A Consciousness-Based Approach to Management Education for Integrity

A Consciousness-Based Approach to Management Education for Integrity

Dennis P. Heaton (Maharishi University of Management, USA), Fred Travis (Maharishi University of Management, USA) and Ravi Subramaniam (Maharishi University of Management, USA)
DOI: 10.4018/978-1-61350-510-6.ch004
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Management education is seeking creative innovations that can have a real impact on integrity. In this chapter, the authors present our recent research on the relationship between integrity in the brain, as measured by the Brain Integration Scale, and measures of moral reasoning. Further, they summarize research indicating longitudinal growth in coherent brain functioning, intelligence, personality maturity, moral development, and psychological health through the Consciousness-Based approach to management education practiced at Maharishi University of Management. This research supports a potentially innovative approach to management education that does not just address education for integrity on the level of ethical theories or values, but demonstrably transforms the neurophysiology, leading to changes in moral reasoning and heightened effectiveness of performance.
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Introduction: New Thinking In Management Education

Covey (1991) and Kouzes and Posner (2007) put integrity on the top of the list of essential characteristics for effective leadership. According to Peter Drucker (1992, p. 115), integrity is the “congruence between deeds and words, between behaviour and professed beliefs and values.” Likewise, Steven Covey wrote that integrity means, “honestly matching words and feelings with thoughts and actions, with no desire other than the good of others, without malice or desire to deceive, take advantage, manipulate or control” (1991, p. 108). As was memorably written by Shakespeare in Hamlet, “This above all: to thine own self be true, And it must follow, as the night the day, Thou canst not then be false to any man” (enotes.com, 2001). Integrity is a consistency, integration or wholeness within the individual that manifests as trustworthy reliability in business. Writing in Issues in Accounting Education, Sandra Waddock observed, “Trust is central to the effective functioning of all markets. Trust is destroyed, however, when individuals and institutions act without integrity” (2005, p. 147).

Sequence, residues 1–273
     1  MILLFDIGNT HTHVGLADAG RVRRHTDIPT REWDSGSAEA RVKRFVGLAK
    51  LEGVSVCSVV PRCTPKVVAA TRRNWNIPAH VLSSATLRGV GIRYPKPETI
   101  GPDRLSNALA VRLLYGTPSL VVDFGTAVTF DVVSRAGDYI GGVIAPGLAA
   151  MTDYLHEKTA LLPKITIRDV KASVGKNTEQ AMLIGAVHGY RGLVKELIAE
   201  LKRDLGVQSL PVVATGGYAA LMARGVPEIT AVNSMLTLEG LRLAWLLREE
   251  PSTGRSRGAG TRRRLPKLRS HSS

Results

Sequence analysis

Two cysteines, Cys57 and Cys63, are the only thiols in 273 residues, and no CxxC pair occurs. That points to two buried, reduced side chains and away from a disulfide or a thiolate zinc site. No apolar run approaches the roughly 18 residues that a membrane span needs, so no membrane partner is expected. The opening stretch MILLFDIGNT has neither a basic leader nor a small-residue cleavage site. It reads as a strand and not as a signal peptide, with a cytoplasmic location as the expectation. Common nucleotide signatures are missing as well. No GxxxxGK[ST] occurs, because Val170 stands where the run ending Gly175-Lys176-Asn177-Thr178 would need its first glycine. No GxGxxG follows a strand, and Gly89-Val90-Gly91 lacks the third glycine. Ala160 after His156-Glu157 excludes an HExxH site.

Integrity is essential. Yet until recently, as observed in Bennis and O’Toole (2005), business education has been 95% about profit maximization and only 5% concerned with moral capacity. But recently, business education is asking with new urgency what creative approaches can cultivate integrity and prepare a cohort of students who will raise the ethical standards of the business world: “The collapse of giants like Enron and Arthur Andersen signaled a major turning point in the conversation about corporate ethics and integrity” (Waddock, 2005, p. 145). In response to business scandals of the last decade, AACSB has called for deeper and novel thinking about management education to produce ethical graduates. AACSB published its Ethics Education Task Force Report (Phillips, 2004) urging administrators and faculty in business education to contemplate their current approaches to ethics education and to explore methods to strengthen this vital part of the curriculum. This report called for “all of us involved in business education need to think more deeply and creatively about how to advance ethical awareness, ethical reasoning skills, and core ethical principles” (Phillips, 2004, p. 9).